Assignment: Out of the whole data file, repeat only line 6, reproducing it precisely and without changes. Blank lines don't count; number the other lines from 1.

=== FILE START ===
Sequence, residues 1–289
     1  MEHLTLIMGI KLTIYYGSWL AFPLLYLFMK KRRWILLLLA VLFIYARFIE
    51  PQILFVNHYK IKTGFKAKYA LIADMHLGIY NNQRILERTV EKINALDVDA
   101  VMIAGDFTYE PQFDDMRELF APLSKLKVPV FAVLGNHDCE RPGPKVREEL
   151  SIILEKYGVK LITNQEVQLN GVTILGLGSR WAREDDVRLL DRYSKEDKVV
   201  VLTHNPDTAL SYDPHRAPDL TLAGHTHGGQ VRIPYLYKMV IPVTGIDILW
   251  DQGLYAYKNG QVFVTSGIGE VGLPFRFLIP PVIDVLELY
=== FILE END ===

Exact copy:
   201  VLTHNPDTAL SYDPHRAPDL TLAGHTHGGQ VRIPYLYKMV IPVTGIDILW